Plan on improving self-care for your New Year's resolution? Then make sure you to sleep like this in 2019. Image source: Pixabay
This one will mean different things to different people, so we'll stick to the activity that is the cornerstone of all self-care: sleep. According to the CDC, thirty-five percent of American adults get fewer than seven hours of sleep a night.
If you are one of those adults, here are a couple tricks to getting your sleep schedule back on track:
- Stick to the same sleep schedule every day.
- Keep your bedroom cool, free of light, and limit as much noise pollution as possible.
- Don't drink alcohol before bed. Try chamomile tea or warm milk instead.
- Avoid the bright, blue-tinted light of electronics before bed. It wrecks your circadian rhythm.
Remember, the average adult should get between seven and nine hours of sleep a night, but everybody is different. Find your required sleep time and make sure to get it.
If sleep isn't your self-care resolution, make sure you know exactly what it is you want to change. Don't simply tell yourself, "I want to get fit and healthy." Vague, indefinite goals will ensure you don't have a means to navigate to that end. The more specific your resolution, the better your chances.
Reading more: the coziest resolution you can make this year. (Photo from Pexels)
The best trick for reading more is to always have a book at the ready. Neil Pasricha, at Harvard Business Review, recounts this illuminating story:
A good friend once told me a story that really stuck with me. He said Stephen King had advised people to read something like five hours a day. My friend said, "You know, that's baloney. Who can do that?" But then, years later, he found himself in Maine on vacation. He was waiting in line outside a movie theater with his girlfriend, and who should be waiting in front of him? Stephen King! His nose was in a book the whole time in line. When they got into the theater, Stephen King was still reading as the lights dimmed. When the lights came up, he pulled his book open right away. He even read as he was leaving.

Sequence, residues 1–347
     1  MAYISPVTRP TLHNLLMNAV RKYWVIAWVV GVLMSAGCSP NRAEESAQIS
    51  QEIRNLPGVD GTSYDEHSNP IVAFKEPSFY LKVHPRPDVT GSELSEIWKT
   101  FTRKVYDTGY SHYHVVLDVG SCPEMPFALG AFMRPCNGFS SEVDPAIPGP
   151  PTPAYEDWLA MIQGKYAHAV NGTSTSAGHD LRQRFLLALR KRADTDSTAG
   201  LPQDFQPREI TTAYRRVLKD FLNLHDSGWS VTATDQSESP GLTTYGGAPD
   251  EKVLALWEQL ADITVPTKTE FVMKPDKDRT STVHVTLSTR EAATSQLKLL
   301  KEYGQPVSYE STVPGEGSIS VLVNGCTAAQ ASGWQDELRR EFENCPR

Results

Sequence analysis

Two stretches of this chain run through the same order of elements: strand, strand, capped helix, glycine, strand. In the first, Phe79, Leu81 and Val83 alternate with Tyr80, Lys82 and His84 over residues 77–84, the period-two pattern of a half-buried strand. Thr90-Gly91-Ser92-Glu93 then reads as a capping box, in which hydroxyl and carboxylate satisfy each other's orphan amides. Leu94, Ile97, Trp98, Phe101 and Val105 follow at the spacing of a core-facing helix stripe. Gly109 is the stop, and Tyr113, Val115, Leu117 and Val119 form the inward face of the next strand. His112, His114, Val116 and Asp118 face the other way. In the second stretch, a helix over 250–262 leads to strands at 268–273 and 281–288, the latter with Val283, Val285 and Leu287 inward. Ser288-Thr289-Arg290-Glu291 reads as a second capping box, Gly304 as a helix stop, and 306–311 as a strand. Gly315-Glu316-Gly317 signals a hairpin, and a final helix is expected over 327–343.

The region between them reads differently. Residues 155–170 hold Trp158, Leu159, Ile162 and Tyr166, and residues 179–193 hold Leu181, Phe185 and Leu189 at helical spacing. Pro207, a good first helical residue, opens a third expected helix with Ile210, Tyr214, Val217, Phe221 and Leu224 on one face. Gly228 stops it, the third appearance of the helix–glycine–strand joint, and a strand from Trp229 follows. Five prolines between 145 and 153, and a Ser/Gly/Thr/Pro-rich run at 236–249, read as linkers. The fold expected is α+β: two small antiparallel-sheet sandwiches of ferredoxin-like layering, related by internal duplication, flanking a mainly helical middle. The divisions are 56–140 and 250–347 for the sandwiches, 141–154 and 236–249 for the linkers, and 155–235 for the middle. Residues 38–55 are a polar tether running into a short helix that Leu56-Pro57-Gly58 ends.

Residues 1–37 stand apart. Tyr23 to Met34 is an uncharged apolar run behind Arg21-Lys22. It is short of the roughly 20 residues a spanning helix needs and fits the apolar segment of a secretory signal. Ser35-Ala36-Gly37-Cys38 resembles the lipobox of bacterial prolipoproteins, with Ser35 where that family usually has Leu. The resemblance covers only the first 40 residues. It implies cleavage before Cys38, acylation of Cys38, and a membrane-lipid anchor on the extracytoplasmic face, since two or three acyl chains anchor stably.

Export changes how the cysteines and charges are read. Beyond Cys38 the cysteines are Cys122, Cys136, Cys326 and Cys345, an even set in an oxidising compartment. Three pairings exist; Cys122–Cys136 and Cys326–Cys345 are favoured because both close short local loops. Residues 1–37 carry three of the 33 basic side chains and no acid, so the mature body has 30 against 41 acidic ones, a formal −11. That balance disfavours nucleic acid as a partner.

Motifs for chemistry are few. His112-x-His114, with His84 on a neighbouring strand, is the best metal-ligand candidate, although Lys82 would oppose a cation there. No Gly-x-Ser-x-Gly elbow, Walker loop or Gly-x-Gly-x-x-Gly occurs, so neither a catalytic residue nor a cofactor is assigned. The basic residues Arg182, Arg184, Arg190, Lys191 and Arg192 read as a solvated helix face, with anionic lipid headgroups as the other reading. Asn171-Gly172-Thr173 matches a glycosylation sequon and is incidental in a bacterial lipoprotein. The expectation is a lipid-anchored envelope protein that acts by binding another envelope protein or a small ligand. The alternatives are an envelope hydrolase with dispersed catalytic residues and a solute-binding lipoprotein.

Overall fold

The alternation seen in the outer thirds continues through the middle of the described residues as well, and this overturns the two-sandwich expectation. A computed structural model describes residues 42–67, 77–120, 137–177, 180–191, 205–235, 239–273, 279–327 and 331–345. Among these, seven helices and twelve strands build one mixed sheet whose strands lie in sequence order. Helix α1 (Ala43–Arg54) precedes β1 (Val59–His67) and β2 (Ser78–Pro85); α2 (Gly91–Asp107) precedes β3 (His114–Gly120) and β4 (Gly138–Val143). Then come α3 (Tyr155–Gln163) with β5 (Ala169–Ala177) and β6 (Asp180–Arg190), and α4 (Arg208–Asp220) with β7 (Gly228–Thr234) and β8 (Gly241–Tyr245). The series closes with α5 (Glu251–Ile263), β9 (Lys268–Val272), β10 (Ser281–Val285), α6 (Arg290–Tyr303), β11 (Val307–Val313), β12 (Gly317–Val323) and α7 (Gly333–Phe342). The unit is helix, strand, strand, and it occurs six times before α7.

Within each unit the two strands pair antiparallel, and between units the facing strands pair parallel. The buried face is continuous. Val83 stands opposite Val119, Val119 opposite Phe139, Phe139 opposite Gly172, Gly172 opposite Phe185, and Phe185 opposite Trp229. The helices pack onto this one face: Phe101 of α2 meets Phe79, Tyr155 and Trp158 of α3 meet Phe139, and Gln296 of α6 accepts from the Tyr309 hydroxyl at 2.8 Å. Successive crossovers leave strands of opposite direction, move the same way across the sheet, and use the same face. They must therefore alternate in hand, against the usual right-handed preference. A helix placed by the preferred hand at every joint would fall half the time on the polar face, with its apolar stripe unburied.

The same goes for doctor's offices, break rooms, and airport terminals. These small moments add up to a lot of quality reading time.
Another tip is to do your reading with a physical book or dedicated e-reader. Not a tablet or smartphone. Tablets and smartphones may lure you away from reading with just one more YouTube video to watch, Facebook post to like, or Twitter kerfuffle to leap into.
Make new friends
All you must do to make friends is banish your social jitters, be confident in yourself, and not alienate people with boorish behavior. Simple, right? Obviously not or it wouldn't be on this list. Don't think this one is just here for the introverts, either. While many extroverts have mastered chitchat, many can feel they lack those deeper social connections.
Entrepreneur and author Andrew Horn shared with Big Think his advice for gaining confidence in conversation. He said:
In any moment you can ask yourself am I doing this because I want to or because I think people will like it? If we're basing it off of the reality that someone else will like it, we'll never really know. We open ourselves up for that social anxiety, the fear of negative judgment, the unknown of external validation. So, we can always ask ourselves what do I want to do right now? What is interesting to me? What will feel good to me? And act off of that to eliminate social anxiety to bring more confidence into our conversations. So that's how we find our authentic voice and use it.
Horn notes that looking for external validation only burdens you with social anxiety, making it more difficult to find friends or conduct business. Ironically, it is through internal validation that we find the confidence to connect with other people.
How do we manage internal validation? Horn recommends creating what he calls the "curiosity compass," a series of questions that you genuinely want to ask other people. Such questions help make connections because you will be interested in their answers and because others enjoy the feeling of being found interesting.
Learn a new skill/hobby
We want to learn new skills or hobbies as a means to enrich our lives. Instead, we find ourselves idling our free time away with another TV binge. Of course, we tell ourselves, once we catch up with the current season, we'll definitely learn to play the piano. Except Netflix just ordered two more seasons of The Chilling Adventures of Sabrina.
A paper in the Journal of Positive Psychology looked at why people devote their time to "passive activities," such as Facebook or watching TV, compared to "flow activities" like learning a new skill or hobby. Participants reported they engage with passive activities because they are easier and more enjoyable. While participants believed flow activities would result in a deeper, more lasting happiness, they found the effort to engage a major hurdle.